Young adults in the United States are being squeezed out of the labor force as older workers either delay retirement or seek jobs to rebuild nest eggs destroyed by the recession, a study shows.
The size of the labor force fell 6.3 percent for young workers, but increased 8.5 percent for workers 55 years and older between December 2007 and January 2010, according to the study by the Washington-based Economic Policy Institute (EPI).
"This is a troubling development, young adults are less prepared to deal with unemployment than other age groups. Without significant prior full-time work experience, many may not qualify for unemployment insurance, or the social safety net," the EPI said.
But the AARP — a nonprofit organization focused on people 50 years and older — disagreed with the EPI study. It argued that the employment situation had deteriorated more for older workers than for their younger counterparts since the recession struck in December 2007.
"Older workers are not getting hired in the place of younger workers, although some of them are remaining in the labor force longer to make up for losses suffered in the stock market," the AARP said.
"Some of the increase is also due to the aging of the boomers, large numbers of whom are moving into the older worker ranks. And perhaps some of it is due to the impact of policies designed to encourage older workers to remain longer at work."
The housing-led recession has had devastating effects on the labor market. With home values and retirement savings destroyed, older workers have been forced to either continue working or seek employment.
The EPI study noted that even if young workers were employed, they were most likely to be in jobs below their skills level.
"With such little financial security, young workers have less freedom to wait out a downturn and so they frequently take whatever job is available, even if it pays less than a job that matches their skill level," it said.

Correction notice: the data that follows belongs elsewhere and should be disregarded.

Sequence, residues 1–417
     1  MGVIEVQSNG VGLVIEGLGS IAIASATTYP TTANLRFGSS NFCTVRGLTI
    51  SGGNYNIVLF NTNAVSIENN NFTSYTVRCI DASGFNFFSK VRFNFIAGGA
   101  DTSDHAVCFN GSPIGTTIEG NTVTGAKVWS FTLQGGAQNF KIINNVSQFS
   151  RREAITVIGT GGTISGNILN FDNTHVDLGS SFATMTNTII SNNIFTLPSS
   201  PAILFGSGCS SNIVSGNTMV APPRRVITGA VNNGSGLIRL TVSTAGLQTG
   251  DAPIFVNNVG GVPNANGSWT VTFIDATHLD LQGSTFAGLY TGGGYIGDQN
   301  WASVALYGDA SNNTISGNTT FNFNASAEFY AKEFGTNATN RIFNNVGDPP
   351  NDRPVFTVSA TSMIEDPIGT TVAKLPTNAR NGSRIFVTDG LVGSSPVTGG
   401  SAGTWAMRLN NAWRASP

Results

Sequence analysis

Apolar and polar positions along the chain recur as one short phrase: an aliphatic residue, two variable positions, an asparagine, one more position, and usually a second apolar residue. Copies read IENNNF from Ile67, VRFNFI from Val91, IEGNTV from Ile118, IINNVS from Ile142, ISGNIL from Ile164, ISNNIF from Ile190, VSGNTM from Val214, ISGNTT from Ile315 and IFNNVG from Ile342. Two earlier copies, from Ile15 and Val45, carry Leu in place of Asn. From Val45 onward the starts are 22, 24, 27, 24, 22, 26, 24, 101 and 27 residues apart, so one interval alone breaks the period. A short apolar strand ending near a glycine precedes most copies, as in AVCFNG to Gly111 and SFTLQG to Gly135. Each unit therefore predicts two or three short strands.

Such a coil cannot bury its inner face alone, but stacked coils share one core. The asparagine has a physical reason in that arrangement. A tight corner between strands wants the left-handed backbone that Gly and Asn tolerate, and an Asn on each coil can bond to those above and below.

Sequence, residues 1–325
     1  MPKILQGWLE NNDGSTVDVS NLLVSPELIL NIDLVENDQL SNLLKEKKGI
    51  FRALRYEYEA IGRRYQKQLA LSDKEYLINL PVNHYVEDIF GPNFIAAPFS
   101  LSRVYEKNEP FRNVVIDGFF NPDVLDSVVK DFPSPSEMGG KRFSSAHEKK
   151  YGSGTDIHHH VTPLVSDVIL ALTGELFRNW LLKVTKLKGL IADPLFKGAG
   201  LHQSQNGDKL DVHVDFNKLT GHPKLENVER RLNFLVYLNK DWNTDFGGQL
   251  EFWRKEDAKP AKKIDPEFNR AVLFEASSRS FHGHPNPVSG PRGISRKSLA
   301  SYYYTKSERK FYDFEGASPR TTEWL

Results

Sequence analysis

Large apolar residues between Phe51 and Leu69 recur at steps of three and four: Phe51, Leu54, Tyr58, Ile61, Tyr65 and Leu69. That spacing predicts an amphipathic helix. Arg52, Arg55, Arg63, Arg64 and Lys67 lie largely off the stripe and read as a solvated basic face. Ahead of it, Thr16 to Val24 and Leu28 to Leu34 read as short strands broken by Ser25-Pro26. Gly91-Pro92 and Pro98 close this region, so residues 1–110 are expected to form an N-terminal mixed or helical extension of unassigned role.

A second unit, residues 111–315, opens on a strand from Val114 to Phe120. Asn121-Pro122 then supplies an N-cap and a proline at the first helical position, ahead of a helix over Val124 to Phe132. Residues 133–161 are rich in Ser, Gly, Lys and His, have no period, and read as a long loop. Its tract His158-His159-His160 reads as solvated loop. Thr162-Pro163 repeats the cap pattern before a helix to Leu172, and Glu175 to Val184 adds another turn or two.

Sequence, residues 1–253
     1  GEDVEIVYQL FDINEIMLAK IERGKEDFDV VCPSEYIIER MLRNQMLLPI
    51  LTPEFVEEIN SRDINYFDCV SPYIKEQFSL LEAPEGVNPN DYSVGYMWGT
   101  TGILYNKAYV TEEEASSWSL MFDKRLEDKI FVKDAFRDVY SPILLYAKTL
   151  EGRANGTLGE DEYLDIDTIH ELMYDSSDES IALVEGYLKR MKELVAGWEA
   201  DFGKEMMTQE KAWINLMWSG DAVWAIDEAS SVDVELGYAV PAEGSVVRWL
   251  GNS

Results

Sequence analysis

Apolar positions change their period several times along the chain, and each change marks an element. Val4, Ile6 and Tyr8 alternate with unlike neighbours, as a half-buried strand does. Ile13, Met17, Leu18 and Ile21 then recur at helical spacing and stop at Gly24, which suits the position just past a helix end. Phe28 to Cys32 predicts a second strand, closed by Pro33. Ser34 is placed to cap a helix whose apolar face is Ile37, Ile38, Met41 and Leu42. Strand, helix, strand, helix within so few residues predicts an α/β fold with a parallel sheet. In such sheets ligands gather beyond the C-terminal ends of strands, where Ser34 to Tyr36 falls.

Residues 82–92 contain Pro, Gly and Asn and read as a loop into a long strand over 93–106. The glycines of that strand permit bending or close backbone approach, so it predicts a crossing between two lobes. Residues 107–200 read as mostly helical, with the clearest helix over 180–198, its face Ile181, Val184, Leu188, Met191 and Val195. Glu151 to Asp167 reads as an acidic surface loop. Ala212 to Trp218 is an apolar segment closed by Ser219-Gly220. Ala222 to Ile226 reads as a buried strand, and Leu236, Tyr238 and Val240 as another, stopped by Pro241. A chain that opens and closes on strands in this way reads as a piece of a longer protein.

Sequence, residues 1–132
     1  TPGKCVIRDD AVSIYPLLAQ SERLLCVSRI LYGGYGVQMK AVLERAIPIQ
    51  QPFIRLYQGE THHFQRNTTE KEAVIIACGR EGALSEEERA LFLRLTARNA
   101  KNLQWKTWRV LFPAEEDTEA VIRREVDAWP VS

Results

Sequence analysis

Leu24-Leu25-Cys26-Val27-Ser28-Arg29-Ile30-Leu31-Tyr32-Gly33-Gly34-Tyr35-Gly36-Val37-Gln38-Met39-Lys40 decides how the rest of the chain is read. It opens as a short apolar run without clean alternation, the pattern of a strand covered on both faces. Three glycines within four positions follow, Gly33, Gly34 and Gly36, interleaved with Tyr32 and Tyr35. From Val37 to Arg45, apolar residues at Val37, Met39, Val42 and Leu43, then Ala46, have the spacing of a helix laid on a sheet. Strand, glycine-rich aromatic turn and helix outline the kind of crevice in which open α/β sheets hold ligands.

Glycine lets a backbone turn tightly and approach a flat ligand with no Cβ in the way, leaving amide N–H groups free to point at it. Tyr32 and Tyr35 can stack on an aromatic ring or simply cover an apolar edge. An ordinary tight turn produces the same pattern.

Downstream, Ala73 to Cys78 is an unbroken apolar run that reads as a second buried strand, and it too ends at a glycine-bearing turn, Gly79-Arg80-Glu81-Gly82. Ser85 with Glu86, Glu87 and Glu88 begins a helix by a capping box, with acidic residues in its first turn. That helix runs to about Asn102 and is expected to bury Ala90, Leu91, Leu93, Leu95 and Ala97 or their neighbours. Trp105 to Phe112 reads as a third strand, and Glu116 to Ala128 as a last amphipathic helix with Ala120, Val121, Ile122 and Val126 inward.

"This is a serious drain on labor market potential — lower earnings, lower output, lower productivity, and the displacement of less-educated workers. Low wages also jeopardize the return to higher education."
While young workers accounted for only 13.5 percent of the total labor force, one in every four unemployed people in the United States was under the age of 25, according to the study.
On the other hand, workers 55 years and older, who made 19.1 percent of the labor force, only had a 13.4 percent unemployment rate, it said.
The study also found that younger workers were also experiencing longer periods of unemployment and on average it took slightly less than six months to get a job in December.
Although the economy has started growing again and the labor market is on a recovery path, the pace is probably too slow for any meaningful change in the young workers' fortunes.
"It is not enough for the economy to recover. Young adults need robust growth in the labor market to minimize the effects of the current recession," said the EPI.
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